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    abstract = "Regulation of food intake involves a variety of homeostatic and hedonic components controlled by a system of hunger and satiety signals originating in both peripheral and central pathways. In the present study, the relevance and time course of physiological responses reflecting the status of the autonomic nervous system, specifically the sympathetic— parasympathetic balance, was evaluated in relation to food intake and perceived satiety in humans. Eighteen subjects were exposed individually to a lunch-induced hunger–satiety shift, throughout which sensory ratings, physiological, and biochemical characteristics were obtained at 15 min intervals. Subjects rated, on visual analogues scales (VAS), their feeling of satiety, desire to eat, fullness, and hunger on separate questionnaires. Using non-invasive monitoring, heart rate, heart rate variability and blood pressure, as well as cortisol levels and a-amylase activity in saliva were measured. Across subjects and throughout the hunger-satiety shift, all four sensory ratings correlated with heart rate and salivary a-amylase, and reflected high activity of the sympathetic nervous system during the satiety state. Among men cortisol levels were negatively correlated with age and BMI. Finally, neither oral activities like chewing and swallowing nor orosensory stimulation by food, as tested with modified sham feeding, were found to contribute to any extent to the instant heart rate increase after food consumption. In conclusion, after meal ingestion, specific patterns and critical alterations of physiological characteristics reveal a high sympathetic tone that can be used as an objective determinant of the state of satiety.",
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    Periprandial changes of the autonomic nervous system related to perceived sateity in humans. / Harthoorn, L.F.; Dransfield, E.

    In: Appetite, Vol. 46, No. 3, 2006, p. 358.

    Research output: Contribution to journalAbstractAcademic

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    AU - Dransfield, E.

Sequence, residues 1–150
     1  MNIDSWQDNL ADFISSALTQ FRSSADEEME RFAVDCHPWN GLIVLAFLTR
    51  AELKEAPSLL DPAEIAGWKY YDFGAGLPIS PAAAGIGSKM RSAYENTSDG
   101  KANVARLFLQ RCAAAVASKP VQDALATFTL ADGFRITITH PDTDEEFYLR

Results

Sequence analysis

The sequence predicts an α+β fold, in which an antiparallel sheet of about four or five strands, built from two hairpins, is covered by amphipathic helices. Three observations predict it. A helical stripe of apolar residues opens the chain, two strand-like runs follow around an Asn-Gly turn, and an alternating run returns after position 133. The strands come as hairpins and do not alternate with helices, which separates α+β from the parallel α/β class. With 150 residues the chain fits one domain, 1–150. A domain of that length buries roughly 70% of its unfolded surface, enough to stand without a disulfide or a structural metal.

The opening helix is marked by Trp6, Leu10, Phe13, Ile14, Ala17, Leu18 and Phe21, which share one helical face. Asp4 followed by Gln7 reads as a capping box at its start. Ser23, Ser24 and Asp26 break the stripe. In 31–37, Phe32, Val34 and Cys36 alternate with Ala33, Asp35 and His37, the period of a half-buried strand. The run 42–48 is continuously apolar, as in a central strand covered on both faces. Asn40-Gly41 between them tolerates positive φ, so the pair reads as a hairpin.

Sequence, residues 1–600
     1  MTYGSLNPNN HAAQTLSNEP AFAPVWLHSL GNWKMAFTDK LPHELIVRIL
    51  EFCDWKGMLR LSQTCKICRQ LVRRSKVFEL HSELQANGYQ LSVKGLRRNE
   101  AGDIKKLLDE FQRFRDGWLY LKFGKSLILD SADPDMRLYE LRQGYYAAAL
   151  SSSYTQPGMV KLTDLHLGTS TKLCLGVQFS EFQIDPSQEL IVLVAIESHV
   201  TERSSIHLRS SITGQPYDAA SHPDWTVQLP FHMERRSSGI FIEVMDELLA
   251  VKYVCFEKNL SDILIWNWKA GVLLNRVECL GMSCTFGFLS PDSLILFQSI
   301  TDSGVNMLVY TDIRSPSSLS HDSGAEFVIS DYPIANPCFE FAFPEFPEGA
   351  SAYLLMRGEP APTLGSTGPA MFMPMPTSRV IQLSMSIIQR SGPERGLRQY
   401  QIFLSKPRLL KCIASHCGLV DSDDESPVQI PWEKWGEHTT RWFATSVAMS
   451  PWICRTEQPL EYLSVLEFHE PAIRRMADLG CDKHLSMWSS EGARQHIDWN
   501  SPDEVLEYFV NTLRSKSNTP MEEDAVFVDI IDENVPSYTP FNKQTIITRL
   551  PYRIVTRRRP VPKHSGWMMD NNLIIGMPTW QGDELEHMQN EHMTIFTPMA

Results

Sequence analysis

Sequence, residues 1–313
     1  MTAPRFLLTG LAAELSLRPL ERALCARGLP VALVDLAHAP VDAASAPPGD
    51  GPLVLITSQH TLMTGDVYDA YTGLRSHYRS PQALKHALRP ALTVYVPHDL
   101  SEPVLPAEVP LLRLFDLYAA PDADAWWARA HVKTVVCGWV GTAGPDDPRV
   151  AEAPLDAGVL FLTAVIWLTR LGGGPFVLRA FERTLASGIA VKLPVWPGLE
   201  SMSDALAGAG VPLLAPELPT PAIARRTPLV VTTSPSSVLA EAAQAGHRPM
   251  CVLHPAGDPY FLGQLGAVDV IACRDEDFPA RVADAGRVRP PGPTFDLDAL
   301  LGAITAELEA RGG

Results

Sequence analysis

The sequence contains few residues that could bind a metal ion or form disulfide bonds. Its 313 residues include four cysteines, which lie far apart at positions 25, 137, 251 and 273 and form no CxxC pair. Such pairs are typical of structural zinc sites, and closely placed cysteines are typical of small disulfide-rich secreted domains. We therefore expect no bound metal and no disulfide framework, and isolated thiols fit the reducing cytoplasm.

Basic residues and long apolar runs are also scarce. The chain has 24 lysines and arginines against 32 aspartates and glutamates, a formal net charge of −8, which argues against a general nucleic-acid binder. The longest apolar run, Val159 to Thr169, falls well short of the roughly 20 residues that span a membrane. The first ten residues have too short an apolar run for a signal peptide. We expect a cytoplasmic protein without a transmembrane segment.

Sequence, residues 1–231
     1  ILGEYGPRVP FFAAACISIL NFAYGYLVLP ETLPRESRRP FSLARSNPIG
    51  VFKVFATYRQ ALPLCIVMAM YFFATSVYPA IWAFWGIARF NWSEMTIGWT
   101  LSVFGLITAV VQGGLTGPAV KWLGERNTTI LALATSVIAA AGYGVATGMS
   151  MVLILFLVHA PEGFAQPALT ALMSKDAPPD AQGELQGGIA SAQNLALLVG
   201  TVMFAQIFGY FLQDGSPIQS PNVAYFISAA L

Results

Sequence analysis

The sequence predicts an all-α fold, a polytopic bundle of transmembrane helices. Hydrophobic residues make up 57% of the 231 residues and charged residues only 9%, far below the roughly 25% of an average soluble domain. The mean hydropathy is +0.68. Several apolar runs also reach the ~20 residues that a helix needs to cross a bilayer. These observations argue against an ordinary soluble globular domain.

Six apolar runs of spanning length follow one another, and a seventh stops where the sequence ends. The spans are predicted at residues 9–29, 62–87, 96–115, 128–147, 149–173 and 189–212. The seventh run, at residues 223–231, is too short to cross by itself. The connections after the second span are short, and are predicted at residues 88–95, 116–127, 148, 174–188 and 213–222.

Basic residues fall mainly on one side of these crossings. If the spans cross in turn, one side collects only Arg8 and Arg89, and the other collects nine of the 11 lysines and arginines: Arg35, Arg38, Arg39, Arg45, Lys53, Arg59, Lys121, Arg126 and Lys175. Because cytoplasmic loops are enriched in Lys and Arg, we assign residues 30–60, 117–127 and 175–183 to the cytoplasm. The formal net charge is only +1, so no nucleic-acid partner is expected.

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    AB - Regulation of food intake involves a variety of homeostatic and hedonic components controlled by a system of hunger and satiety signals originating in both peripheral and central pathways. In the present study, the relevance and time course of physiological responses reflecting the status of the autonomic nervous system, specifically the sympathetic— parasympathetic balance, was evaluated in relation to food intake and perceived satiety in humans. Eighteen subjects were exposed individually to a lunch-induced hunger–satiety shift, throughout which sensory ratings, physiological, and biochemical characteristics were obtained at 15 min intervals. Subjects rated, on visual analogues scales (VAS), their feeling of satiety, desire to eat, fullness, and hunger on separate questionnaires. Using non-invasive monitoring, heart rate, heart rate variability and blood pressure, as well as cortisol levels and a-amylase activity in saliva were measured. Across subjects and throughout the hunger-satiety shift, all four sensory ratings correlated with heart rate and salivary a-amylase, and reflected high activity of the sympathetic nervous system during the satiety state. Among men cortisol levels were negatively correlated with age and BMI. Finally, neither oral activities like chewing and swallowing nor orosensory stimulation by food, as tested with modified sham feeding, were found to contribute to any extent to the instant heart rate increase after food consumption. In conclusion, after meal ingestion, specific patterns and critical alterations of physiological characteristics reveal a high sympathetic tone that can be used as an objective determinant of the state of satiety.